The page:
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where:
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Mode 8 (t'3t4): At t' 3 , as soon as the antiparallel diodes D 2 and D 3 are turned off, the switches S 2 and S 3 conduct under ZVS operation. During this stage, the output current and voltage are both negative and a full cycle of waveform is achieved. This can be expressed by:
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where:
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- C. NON-ZVS Operation
Two NON-ZVS operations have been observed as illustrated in Fig. 3 . The first one emanated from an increase in the shifted angle β with the aim of reducing the output power without varying the switching frequency fs . The first category of NON-ZVS operations (NON-ZVS I ) is indicated by the dashed arrows where the previously described operation of mode 7 is replaced by mode 7'. Mode 6 begins after the gate signal of S 1 is removed at t' 2 , as depicted in Fig. 2 (b). The positive output current flows through the circuit formed by C 1 , C 2 , D 3 , and the DC input voltage source. During this interval, the capacitor voltage V C1 increases whereas the capacitor voltage V C2 decreases. The output voltage becomes negative in this mode. At the beginning of mode 7', after the antiparallel diode D 3 is turned off at t 3 with no gate signals of S 2 and S 3 , the output current becomes negative and flows through the parasitic capacitors C 1 , C 2 , C 3 and C 4 . Therefore, the voltages across the switches S 2 and S 3 increase. At t' 3 , the switches S 2 and S 3 start conducting under the NON-ZVS. The parasitic capacitors C 1 and C 2 experience an instantaneous voltage change. This results in high current spikes in the switches S 1 and S 2 . In this case, the modes of operation are sequenced as
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Operation modes of a full-bridge resonant inverter: (a) desired ZVS, (b) NON-ZVS I, and (c) •••► NON-ZVS II.
The second category of NON-ZVS operations (NON-ZVS II ) is indicated by the dotted arrows in Fig. 3 . It can also be divided into eight stages as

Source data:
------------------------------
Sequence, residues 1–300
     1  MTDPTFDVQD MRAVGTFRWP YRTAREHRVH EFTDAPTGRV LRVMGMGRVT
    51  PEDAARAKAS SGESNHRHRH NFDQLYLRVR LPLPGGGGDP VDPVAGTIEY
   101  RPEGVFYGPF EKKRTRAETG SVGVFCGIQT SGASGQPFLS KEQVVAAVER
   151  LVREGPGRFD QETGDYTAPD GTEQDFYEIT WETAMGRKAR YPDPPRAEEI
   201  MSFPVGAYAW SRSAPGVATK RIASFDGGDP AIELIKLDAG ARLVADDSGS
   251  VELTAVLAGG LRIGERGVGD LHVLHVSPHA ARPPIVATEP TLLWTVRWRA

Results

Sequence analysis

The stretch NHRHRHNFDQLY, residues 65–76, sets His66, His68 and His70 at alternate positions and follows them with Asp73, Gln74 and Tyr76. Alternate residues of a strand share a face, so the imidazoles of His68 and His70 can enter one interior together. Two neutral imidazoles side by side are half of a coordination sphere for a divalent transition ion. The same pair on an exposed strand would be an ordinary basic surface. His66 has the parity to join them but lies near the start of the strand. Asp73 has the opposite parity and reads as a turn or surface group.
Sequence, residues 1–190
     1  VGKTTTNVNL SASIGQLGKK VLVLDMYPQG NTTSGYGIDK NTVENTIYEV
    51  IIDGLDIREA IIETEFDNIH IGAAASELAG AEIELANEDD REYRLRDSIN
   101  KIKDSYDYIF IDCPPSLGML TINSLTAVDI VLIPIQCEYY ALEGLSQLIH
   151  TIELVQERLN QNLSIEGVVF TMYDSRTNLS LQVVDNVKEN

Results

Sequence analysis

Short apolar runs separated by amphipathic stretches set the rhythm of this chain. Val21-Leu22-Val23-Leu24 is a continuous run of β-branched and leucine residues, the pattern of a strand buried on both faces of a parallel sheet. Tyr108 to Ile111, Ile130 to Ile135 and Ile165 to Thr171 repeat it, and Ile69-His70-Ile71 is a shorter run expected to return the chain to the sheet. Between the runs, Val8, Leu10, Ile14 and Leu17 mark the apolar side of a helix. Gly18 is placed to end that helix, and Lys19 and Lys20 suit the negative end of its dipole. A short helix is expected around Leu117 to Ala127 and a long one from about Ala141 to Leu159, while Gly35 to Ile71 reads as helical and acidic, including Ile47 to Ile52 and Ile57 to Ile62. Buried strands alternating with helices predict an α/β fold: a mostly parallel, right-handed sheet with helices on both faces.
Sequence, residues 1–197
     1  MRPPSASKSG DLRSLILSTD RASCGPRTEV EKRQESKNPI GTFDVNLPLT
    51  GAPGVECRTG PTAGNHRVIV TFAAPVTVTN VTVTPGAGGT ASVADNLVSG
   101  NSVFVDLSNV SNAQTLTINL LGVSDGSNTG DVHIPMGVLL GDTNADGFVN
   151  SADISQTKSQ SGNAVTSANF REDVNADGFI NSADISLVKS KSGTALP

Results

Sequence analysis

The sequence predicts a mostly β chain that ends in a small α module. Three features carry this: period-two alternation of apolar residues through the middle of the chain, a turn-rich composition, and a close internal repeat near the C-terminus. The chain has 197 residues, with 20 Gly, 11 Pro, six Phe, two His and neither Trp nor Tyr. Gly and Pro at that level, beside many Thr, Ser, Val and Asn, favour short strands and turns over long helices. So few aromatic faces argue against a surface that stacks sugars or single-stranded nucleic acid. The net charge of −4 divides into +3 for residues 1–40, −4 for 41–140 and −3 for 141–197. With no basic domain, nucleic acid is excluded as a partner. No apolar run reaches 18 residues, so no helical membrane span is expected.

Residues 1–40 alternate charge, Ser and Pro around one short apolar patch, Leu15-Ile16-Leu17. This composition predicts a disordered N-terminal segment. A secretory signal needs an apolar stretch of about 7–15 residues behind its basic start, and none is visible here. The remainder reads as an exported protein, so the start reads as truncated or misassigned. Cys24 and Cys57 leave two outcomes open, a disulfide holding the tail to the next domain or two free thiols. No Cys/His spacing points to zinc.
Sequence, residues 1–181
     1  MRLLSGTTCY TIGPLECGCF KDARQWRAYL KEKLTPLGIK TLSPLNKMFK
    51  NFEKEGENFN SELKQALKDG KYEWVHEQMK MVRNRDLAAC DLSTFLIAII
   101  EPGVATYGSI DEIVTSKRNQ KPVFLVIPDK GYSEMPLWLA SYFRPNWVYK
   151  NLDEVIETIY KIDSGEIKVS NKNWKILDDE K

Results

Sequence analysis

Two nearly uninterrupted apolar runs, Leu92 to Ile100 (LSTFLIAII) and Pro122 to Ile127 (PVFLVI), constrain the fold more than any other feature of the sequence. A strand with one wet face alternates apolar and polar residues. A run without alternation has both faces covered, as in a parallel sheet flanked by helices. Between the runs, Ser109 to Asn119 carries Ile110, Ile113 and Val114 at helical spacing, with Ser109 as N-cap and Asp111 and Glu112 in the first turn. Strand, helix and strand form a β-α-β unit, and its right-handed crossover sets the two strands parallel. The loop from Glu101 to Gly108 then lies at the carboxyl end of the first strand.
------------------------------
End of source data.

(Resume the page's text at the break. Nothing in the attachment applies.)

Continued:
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The original operations of modes 6 and 7 in the ZVS operation are changed to modes 6' and 7", respectively. The operation in mode 6' begins when the positive output current becomes zero at t' 2 before the end of the gate signal of S 1 , depicted in Fig. 2 (c). The negative output current flows through the antiparallel diode D 1 and the parasitic capacitors C 3 and C 4 . During this mode, the capacitor voltage V C3 increases whereas the capacitor voltage V C4 decreases, adding up to a high value for the output voltage depending on the operating frequency. At the same time, the capacitor voltages V C1 and V C2 remain unchanged at zero and + V DC , respectively. Mode 7" begins at t 3 . The switches S 2 and S 3 start conducting instantaneously under the NON-ZVS operation. Since the capacitor voltage V C1 is initially zero, this creates a short-circuit path of the input voltage source through the switch S 2 . All of the parasitic capacitors suffer from a sudden voltage change that results in current spikes in the capacitors ( C 1 - C 4 ) and the switches S 2 and S 3 for a short interval. Such an operation reduces the inverter efficiency due to the high turn-on switching loss and it causes device stress, which may destroy all of the switches.
Therefore, for the case of a low Qr resonant circuit, the damping frequency ωd of the series-resonant circuit is less than the resonant angular frequency ωr due to a high damping factor α . Two NON-ZVS operations on the switches S 2 and S 3 are likely to be encountered if the inverter is operated at an unsuitable switching frequency.
III. STEADY STATE CIRCUIT ANALYSIS
The induction heating load can be modeled as an equivalent resistor ( Req ) and inductor ( Leq ). The resonant circuit is formed by adding a resonant capacitor ( Cr ), as shown in Fig. 1 . The load quality factor of the resonant circuit is defined as:
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where fr is the resonant frequency, and
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A steady-state analysis of the series-resonant circuit is based on the equivalent parameters and typical waveforms under the ZVS operation as shown in Fig. 1 and Fig. 2 (a), respectively. To simplify the analysis, the conventional assumptions are made for the analysis in this section as follows.
  • 1) The converter elements are ideal.
  • 2) The effect of the ripples from the DC input voltage is neglected.
  • 3) The parasitic inductance and capacitance in the switches are neglected.
With the stated assumption, the magnitude of the impedance eq of the series-resonant circuit can be obtained as:
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where h is the order of harmonic components, and fn is the normalized frequency ( fs / fr ).
The impedance phase angle of the harmonic components is given by:
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The output voltage is given by:
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The amplitude of the harmonic components of the output voltage can be written by means of the Fourier series as:
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where β is the shifted angle of the switch S 4 with a value from 0º to 180º, and V DC is the DC bus voltage. The angle θvh between the output voltage vo and its harmonic voltage ( Voh ) can be determined by:
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The output current can also be written by: